Microsoft’s Windows RT vision: ‘Always on’ devices and next-gen trackpads

Microsoft’s Windows RT vision: ‘Always on’ devices and next-gen trackpads

It may be a salt mine task, but gisting the Building Windows 8 blog into something digestible is a task that we relish here at The Next Web. Microsoft is fanatically detailed in its entries explaining Windows 8, which belies either a love of detail, or the wish to head off questions and commentary through the explication of every minute point.

Put another way, nearly every entry on the blog is a window into how the company thinks, and wishes to be construed, which is always constructive. Today: Windows RT is on the docket.

In a surprisingly terse post, the Windows 8 team worked through a number of Windows RT bits and pieces, better explaining why the new version of Windows matters, and how it will fit into the market. What follows is TNW’s breakdown of the post, with commentary along the way. Let’s go:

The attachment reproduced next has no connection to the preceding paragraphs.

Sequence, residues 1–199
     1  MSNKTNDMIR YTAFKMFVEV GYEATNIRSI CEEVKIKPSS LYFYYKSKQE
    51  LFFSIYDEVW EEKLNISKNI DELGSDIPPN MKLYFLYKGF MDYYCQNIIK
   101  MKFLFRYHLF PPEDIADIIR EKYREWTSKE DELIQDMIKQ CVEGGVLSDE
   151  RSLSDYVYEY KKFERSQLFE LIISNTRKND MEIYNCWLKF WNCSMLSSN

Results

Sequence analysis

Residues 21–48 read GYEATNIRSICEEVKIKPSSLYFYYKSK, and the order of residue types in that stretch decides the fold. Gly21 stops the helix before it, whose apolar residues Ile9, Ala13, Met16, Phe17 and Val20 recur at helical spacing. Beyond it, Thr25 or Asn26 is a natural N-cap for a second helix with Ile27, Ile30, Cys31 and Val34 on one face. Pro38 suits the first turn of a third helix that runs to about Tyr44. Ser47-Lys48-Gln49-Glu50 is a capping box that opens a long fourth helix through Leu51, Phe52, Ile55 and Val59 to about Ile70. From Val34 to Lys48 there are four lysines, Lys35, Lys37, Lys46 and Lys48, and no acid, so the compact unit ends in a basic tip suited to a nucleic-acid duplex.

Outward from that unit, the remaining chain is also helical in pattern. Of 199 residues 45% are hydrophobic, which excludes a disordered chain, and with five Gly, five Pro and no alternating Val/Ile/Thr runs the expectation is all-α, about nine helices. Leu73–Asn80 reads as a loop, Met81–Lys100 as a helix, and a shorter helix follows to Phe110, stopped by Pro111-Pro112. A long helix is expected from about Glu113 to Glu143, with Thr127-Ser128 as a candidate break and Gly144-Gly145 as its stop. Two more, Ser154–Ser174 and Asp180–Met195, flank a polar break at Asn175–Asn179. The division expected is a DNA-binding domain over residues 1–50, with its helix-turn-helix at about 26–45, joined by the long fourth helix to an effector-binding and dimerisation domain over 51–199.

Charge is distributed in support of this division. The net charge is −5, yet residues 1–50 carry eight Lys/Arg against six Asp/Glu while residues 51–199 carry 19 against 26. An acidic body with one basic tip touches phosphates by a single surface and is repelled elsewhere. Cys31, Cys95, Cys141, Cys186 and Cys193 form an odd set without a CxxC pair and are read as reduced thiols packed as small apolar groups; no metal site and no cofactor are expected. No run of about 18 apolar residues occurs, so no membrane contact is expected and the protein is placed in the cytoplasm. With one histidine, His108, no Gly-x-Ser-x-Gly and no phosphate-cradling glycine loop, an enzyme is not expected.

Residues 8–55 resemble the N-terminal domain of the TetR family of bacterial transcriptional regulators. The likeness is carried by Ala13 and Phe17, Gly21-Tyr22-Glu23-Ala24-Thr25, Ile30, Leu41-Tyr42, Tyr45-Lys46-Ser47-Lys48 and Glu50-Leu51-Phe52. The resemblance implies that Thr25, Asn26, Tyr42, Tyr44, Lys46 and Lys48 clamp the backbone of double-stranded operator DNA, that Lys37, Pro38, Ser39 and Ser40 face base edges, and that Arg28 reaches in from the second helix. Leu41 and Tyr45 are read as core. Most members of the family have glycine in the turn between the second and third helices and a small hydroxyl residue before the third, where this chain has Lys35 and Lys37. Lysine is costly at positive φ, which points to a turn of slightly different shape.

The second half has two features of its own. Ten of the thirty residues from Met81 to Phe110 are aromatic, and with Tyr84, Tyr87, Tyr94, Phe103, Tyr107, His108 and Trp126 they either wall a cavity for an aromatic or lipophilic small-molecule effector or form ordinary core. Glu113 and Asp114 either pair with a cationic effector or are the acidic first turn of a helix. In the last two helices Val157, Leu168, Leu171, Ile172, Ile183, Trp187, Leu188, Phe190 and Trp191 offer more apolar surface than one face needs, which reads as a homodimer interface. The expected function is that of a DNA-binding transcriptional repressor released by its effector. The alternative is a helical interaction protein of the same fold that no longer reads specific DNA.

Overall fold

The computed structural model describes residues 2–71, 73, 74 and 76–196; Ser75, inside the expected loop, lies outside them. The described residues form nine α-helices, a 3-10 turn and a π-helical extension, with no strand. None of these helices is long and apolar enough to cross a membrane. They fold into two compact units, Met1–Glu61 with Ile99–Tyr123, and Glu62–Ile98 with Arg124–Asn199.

Microsoft’s OEM Kisses

In its post, Microsoft made a strong note of its OEM partners. In fact, before mentioning the Surface line of devices, it gave a shoutout to Asus. Following, Lenovo was discussed, and Dell was given a full pull-quote. Also, Intel’s Ultrabook project made the list. Takeaway: Microsoft might be turning the tables on its OEM buddies, but that isn’t stopping the company from being civil, and in this case, obsequious.

Always On

In case you didn’t know, Windows RT devices will be ‘always on and always connected.’ Microsoft repeated that line, in italics, several times in its post. In short, the company is pushing the fact that firing up and using a Windows RT devices will not be akin to booting a Windows 7 machine. It will be a more phone-like experience, if you will.

Battery time in ‘Connected Standby?’ More than 300 hours it claims, or nearly two weeks.

Trackpad Updates

After praising how Windows RT devices will be thin, quick, and long lasting, Microsoft detailed coming boosts to trackpad capability. This matters as Windows 8 depends on several gesture inputs to function at higher rates of productivity. From its post:

Those are the biggest elements in the post that will affect you. Certainly, there’s more, but that’s enough to go on.

The Surface RT goes on sale October 26th, along with Windows 8. It’s going to be Wild Westish from here on out when it comes to Windows 8 devices. Don’t worry, we’ll being you the ones that matter.

Top Image Credit: Michael Coté

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